delays and learning disabilities can come in as many different forms
as there are children. As we learn to understand each, it's
important to have conditions correctly diagnosed so that children
can benefit from early intervention and therapies that will help
them grow to their fullest potentials.
Fragile X syndrome
You've probably never heard of the most common form
of inherited mental impairment, fragile X syndrome. Because of its
recent discovery in 1991, many doctors and pediatricians haven't
heard of it either. Fragile X was the first gene uncovered in the
Human Genome Project. Researchers estimate that fragile X affects
approximately one in every 2000 boys and one in every 4,000 girls.
But even today, many people with fragile X are still not correctly
Completely typical at birth
Most children with fragile X appear completely
typical at birth, but gradually they experience developmental
delays. As the delays become evident, parents grow confused.
"My daughter isn't sitting up by herself."
"He's still not talking at 18 months."
"He cries all the time. I feel like a bad parent. "
Frustrated, parents visit specialist after
specialist in hope of an answer or cause for their child's delayed
Fragile X syndrome is a genetic condition caused by
a single gene whose code changes. The defect causes a disruption
between the sending and receiving of messages required for proper
brain development and functioning. When this gene is altered, it can
cause developmental delays and mild to severe learning disabilities,
including mental retardation.
Children may have some or none of the common
characteristics, which contributes to the difficulty in diagnosing
Some of the most common physical characteristics include:
Eye and vision impairments
High arched palate
Hyper-extensible joints (double-jointed)
Large testicles (evident after puberty)
Low muscle tone
Some of the most common behavioral characteristics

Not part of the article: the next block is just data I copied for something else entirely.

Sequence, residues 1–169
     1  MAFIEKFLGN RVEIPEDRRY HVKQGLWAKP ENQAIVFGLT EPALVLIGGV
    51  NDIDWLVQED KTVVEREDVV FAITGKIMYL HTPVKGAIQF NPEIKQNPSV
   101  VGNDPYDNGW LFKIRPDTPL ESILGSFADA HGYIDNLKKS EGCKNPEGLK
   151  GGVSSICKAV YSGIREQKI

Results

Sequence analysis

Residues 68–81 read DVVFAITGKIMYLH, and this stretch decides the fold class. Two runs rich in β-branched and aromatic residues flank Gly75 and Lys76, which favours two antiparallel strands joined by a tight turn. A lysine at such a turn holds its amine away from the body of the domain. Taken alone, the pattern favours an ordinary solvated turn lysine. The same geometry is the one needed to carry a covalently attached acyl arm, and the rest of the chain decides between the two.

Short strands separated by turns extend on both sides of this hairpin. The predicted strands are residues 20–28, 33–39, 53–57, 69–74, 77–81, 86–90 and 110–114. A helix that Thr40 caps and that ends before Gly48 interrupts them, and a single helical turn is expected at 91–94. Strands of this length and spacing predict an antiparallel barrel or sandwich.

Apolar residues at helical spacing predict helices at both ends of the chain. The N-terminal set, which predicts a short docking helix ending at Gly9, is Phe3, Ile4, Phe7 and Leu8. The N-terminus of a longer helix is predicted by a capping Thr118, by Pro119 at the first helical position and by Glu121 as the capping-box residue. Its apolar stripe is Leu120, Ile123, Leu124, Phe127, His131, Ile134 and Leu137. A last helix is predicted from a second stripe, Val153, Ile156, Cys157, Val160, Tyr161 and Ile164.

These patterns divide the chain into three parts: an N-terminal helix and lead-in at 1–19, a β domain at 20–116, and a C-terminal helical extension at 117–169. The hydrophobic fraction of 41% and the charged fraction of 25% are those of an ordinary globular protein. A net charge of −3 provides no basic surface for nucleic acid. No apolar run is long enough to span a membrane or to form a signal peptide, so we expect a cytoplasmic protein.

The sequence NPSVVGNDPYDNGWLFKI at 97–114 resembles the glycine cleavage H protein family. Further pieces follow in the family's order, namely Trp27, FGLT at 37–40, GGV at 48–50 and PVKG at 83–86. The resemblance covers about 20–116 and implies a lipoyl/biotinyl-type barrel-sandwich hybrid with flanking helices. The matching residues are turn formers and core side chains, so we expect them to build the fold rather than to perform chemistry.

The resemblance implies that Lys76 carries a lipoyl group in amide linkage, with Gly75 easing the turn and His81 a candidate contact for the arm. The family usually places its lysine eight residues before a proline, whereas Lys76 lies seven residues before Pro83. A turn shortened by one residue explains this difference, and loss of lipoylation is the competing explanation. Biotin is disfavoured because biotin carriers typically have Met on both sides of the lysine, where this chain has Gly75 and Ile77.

Anxiety and shyness
Autism and autistic-like behavior
Hand biting and hand-flapping
Hyperactivity and short attention span
Perseveration-repetition of the same actions or words
Poor eye contact
Because children are born typically, and parents
are unaware of this condition, often times, affected families have
more than one fragile X child. Since the gene can pass silently
through generations, undetected, and then affect a child, any one
with undiagnosed mental retardation in his or her family should be
A simple DNA blood test is available to determine
if a child is affected or if a person carries the fragile X gene. A
carrier is a man or woman who may show no signs of impairment, but
whose gene changes when passed onto a child. One in every 260 women
carries this gene and with each pregnancy she has a 50 percent
chance of passing it on. The same test is used for prenatal
Currently, only the symptoms of fragile X can be
treated. Early intervention programs involving occupational,
physical, speech, and sensory integration therapies are most often
Research on treating the "root cause" of fragile X
is rapidly moving forward. Only one protein is missing with the
syndrome, so compared to other conditions that involve many other
proteins and genes, solving the problem of fragile X syndrome is
relatively simple. Research on this gene contributes to finding
cures and treatments to other conditions such as Down syndrome,
autism, and Alzheimer's.
The FRAXA Research Foundation was founded to
support scientific research aimed at finding a treatment and a cure
for fragile X syndrome. With Nobel Prize-winning scientists, Dr.
James Watson and Dr. Eric Kandel, serving on the advisory board of
the FRAXA Research Foundation, there is great hope for future
generations. For more information, contact:
Fragile X Association of Washington State
e-mail , website
FRAXA Research Foundation